It's a flippant warning, a half-joke, a sideways call-to-arms that announces a casual subversion threading through these nine songs from the opening explosion of summer sunshine, through the heat of lust and addiction, landing with a glance at politics and fate while the window is still wide open, warm breeze blowing in the late afternoon. 

Amelia White asks us to not take it all so seriously and, at the same time, shows us how critical it all is: love, fate, death, grief, politics, which isn't surprising considering White made this record in the four days between her Mother's funeral and her own wedding. 

Rhythm of the Rain digs deep. Her well worn smokey pipes deliver a rawness you"d expect from mining that liminal space between grief and joy. 

While touring, last year, White stayed in a promoter's attic in York, and reading the news from the US began to write the songs that would make up Rain. 

That ocean of separation gave her the necessary distance to comment on the shake-up back home without finger pointing, something that White has always done. 

What separates Amelia White from most other songwriters in the Americana genre is her details. 

Like a short story writer steeped in the gothic humidity of the backroads, White illuminates the ordinary: "…dyed black hair and ear ring feathers/she"s gotta put three kids through school - she's sipping on the sly to keep her cool" (Little Cloud Over Little Rock). 

"Boy sat on a bus in the only open seat, mittens in one hand and a backpack at his feet" (Said It Like a King).  

There's a catchy melodic laziness to her rock and roll, an afternoon drive in the country, the top down, bare legs up on the dash, singing along to your favorite song:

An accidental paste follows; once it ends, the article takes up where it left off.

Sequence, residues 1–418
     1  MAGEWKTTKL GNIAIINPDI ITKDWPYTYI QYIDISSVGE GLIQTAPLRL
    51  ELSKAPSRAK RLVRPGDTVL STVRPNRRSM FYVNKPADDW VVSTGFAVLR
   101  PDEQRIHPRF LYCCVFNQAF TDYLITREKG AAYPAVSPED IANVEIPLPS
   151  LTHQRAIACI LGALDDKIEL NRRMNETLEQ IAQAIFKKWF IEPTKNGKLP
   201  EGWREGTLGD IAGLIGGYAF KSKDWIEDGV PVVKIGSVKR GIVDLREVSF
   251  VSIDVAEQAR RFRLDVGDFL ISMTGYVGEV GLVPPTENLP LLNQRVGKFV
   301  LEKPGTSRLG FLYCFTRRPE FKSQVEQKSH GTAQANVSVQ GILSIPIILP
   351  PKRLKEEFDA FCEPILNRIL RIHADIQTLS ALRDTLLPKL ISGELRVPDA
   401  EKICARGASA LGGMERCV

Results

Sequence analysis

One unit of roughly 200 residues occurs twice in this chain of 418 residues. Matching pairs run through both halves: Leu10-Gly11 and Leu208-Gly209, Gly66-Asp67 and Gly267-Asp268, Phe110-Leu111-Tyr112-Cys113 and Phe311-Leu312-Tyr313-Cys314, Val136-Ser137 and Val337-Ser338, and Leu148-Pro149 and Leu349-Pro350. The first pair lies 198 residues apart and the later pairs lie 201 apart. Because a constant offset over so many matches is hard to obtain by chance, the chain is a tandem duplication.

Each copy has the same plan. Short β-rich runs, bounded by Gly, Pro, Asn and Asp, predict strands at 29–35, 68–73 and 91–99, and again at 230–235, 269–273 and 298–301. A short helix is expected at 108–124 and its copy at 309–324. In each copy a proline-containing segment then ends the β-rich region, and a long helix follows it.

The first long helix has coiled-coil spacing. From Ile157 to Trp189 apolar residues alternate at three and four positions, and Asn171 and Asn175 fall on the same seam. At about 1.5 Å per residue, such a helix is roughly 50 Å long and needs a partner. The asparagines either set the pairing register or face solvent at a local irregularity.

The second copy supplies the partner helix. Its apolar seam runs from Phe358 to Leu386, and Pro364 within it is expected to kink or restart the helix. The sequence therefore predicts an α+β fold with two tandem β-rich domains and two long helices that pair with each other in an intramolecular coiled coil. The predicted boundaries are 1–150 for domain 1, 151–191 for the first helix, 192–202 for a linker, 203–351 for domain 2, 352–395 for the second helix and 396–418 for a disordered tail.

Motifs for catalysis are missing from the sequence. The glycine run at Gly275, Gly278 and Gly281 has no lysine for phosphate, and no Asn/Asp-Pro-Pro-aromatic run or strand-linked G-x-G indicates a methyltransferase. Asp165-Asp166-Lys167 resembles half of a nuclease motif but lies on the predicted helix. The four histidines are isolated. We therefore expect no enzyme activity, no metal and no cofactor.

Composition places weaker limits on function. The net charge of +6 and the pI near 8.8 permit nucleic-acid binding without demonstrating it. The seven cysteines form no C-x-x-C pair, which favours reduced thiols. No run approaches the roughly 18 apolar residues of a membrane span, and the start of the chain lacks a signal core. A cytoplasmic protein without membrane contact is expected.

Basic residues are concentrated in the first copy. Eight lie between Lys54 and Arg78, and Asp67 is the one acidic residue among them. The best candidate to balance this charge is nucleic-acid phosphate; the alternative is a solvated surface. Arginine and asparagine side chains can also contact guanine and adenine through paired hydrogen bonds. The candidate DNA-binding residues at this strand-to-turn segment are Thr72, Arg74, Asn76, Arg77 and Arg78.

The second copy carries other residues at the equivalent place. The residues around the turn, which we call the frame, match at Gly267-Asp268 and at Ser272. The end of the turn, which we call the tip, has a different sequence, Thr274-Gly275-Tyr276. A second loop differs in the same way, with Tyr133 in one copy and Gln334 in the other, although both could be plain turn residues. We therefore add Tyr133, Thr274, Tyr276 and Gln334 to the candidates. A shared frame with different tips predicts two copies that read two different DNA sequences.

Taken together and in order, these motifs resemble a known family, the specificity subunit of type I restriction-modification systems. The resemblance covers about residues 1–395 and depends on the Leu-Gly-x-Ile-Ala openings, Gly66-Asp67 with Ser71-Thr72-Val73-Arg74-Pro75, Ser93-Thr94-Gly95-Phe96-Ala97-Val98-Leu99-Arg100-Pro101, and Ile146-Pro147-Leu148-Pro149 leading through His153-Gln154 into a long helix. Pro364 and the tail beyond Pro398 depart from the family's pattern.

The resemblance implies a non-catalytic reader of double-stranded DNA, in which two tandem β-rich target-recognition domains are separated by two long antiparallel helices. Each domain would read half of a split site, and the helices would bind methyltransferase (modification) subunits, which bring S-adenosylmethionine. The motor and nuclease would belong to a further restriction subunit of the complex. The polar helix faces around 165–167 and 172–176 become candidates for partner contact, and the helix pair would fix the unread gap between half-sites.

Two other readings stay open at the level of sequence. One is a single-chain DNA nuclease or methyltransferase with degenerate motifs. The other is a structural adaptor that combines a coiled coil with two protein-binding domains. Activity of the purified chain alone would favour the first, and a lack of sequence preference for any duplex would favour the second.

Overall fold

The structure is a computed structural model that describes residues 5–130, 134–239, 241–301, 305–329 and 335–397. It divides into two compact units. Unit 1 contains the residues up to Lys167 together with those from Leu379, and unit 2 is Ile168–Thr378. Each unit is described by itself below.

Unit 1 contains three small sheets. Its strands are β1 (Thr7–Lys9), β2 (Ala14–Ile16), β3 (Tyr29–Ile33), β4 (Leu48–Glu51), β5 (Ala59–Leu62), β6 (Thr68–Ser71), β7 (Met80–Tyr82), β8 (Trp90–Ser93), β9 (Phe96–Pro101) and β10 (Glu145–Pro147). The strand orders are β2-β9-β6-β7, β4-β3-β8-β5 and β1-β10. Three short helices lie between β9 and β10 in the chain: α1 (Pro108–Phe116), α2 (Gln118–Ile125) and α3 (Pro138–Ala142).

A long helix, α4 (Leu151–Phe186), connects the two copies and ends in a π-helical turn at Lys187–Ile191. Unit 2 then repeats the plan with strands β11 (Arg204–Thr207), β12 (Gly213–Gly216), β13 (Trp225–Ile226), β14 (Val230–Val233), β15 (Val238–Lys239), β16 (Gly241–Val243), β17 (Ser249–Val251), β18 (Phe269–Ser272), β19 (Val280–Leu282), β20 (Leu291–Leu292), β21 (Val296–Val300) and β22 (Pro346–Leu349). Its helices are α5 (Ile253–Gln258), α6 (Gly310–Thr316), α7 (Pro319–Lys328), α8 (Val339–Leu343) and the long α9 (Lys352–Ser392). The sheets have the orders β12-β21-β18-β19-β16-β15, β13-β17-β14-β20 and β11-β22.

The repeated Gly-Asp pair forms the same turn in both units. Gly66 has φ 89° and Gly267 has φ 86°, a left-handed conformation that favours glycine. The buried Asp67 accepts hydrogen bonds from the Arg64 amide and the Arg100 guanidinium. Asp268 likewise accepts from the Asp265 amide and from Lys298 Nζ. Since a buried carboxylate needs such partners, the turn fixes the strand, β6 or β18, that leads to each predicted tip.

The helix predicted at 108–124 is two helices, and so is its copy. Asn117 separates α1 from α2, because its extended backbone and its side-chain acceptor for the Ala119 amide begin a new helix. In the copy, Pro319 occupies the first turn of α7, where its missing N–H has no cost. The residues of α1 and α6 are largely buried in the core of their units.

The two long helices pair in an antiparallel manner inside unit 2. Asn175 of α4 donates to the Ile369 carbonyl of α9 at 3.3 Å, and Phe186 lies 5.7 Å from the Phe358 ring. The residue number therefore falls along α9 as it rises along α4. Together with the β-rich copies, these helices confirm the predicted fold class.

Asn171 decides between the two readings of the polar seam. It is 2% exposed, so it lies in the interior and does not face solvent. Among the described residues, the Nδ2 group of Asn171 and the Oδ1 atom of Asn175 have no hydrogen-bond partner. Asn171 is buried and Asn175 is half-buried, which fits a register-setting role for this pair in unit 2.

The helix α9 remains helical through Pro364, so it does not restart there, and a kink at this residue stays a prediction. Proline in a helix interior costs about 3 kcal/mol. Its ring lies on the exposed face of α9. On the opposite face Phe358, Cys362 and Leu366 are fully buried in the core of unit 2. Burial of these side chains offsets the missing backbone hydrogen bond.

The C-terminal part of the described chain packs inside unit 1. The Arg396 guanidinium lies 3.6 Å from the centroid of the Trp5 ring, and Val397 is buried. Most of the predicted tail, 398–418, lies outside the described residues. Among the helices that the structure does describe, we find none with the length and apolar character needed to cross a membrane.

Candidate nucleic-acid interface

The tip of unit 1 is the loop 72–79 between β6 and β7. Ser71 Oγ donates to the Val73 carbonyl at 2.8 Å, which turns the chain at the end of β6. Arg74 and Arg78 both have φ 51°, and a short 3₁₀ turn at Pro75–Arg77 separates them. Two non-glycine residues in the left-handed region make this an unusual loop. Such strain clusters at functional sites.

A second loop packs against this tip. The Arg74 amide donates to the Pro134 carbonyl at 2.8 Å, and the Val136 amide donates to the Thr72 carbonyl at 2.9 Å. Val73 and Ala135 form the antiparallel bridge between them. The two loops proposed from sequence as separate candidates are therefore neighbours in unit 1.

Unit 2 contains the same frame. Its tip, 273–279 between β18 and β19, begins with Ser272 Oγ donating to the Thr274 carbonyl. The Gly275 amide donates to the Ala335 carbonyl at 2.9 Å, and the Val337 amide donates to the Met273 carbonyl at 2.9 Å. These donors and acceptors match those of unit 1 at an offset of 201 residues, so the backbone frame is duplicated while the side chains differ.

"When you feel like a sinking sun, you're not the only one", she sings, on Sinking Sun and you can almost taste the freedom of summer adolescence.  

The light threads through these songs.  "Sunshine coming through my window/I found something that I wanted…you" she sings to a lover in "Supernova," and later the love turns dark in Sugar Baby

As the album winds to a close, White leaves us with the one-two political punch of True or Not? 

"There's talk in the street that the deal is changing, everybody's on edge, look around" and then gently releases us with the hopeful coda, Let The Wind Blow, written with UK darlings, Worry Dolls. 

It's a wistful dream: "Miles and miles I thought I"d found a place to call home and a hand to hold/I put good money on this one, I don"t like to be wrong, I don"t like to be wrong." 

Lifers. It's how we define musicians called to the stage, living life in hotels, and friend's spare rooms, playing small and large clubs with sticky-floor stages, and microphones that taste of cigarettes. 

White has had TV and film placements (most notably Justified), record deals, cuts by some of the finest artists in the Americana world, but for her the success is in the doing, and there is no choice in the matter. 

She is a rock and roll soothsayer, an East Nashville Cassandra with an Americana gospel shout thicker than the paper-thin illusion of fame and money.  

Rhythm of the Rain is a late afternoon storm, a sky on the verge of cracking as wide open as Amelia White's heart. 

Amelia White plays The Greys, Brighton, on Tuesday 14th November 2017. CLICK HERE for more info.

by: Mike Cobley